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                                         123 N.J.L.J. 991
                                        April 20, 1989


Appointed by the Supreme Court of New Jersey


Revelation of Possible
Criminal Violation in
Solicitation of Business for Client

    This inquiry asks us to rule on the propriety of an attorney sending a letter on behalf of a client inviting the recipient to subscribe to the client's cable television service into which the recipient has tapped without contract or payment. The letter in question would advise the recipient that the acquisition or use of said service without payment may subject the individual to a conviction under N.J.S.A. 2C:20-8(e), which is punishable by up to six months in jail and a fine of up to $1,000.00.
    This Committee will not render opinions on the form and content of proposed correspondence. However, it will address questions of propriety in the practice of law.
    The following questions have been raised:
        (1)    Is reference to a possible conviction of a criminal offense an improper coercive means of securing a benefit for one's client, RPC 1.2(d); prejudicial to the administration of justice, RPC 8.4(d); or the use of a false statement or failure to disclose a material fact to a third person, RPC 4.1(a)(1) and (2)?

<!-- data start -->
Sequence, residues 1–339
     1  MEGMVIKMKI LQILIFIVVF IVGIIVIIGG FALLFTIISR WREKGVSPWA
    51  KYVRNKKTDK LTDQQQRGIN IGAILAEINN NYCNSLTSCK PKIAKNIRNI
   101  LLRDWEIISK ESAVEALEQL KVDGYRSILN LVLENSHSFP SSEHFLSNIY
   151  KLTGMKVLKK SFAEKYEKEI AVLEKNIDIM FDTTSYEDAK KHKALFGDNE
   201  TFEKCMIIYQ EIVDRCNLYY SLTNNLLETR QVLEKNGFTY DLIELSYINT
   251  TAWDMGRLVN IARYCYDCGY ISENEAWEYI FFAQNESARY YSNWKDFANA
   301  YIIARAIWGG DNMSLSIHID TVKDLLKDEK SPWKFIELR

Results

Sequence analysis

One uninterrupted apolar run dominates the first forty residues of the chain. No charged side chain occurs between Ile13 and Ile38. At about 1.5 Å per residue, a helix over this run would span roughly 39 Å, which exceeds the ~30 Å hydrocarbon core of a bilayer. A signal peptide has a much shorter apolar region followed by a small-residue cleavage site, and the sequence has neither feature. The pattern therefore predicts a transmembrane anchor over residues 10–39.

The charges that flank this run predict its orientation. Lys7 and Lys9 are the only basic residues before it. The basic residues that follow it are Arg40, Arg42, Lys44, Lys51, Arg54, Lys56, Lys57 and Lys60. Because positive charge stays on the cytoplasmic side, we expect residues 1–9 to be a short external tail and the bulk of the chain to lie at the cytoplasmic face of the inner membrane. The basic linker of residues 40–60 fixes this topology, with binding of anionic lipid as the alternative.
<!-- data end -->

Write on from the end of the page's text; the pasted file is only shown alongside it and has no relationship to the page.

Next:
(2)    Does such a letter constitute a means to embarrass or burden a third person in violation of RPC 4.4 or to obtain an improper advantage for one's client in a civil matter? See Opinion 551, 115 N.J.L.J. 96 (1985).

    Where a "claim letter" of this nature states facts accurately, there cannot be a violation of RPC 4.1(a) or RPC 8.4(c) or (d). Assuming the facts have been stated accurately, no "improper" advantage is being sought. The client asks only for his proper due under quantum meruit principles of ancient respect. Consequently, there is also no impropriety under RPC 1.2(d).
    We are mindful of the need to protect the public from unreasonable and oppressive conduct in the pursuit of lawful claims. We also reiterate that the principles applied in our Opinion 347, 99 N.J.L.J. 715 (1976) and Opinion 551, supra., remain viable.
    When a "claim letter" makes the observation that the conduct of the third party may result in a criminal conviction, and there is no threat to disclose the alleged crime to the public authority, the communication does not go far enough to constitute an effort to embarrass. See Opinion 551, supra.

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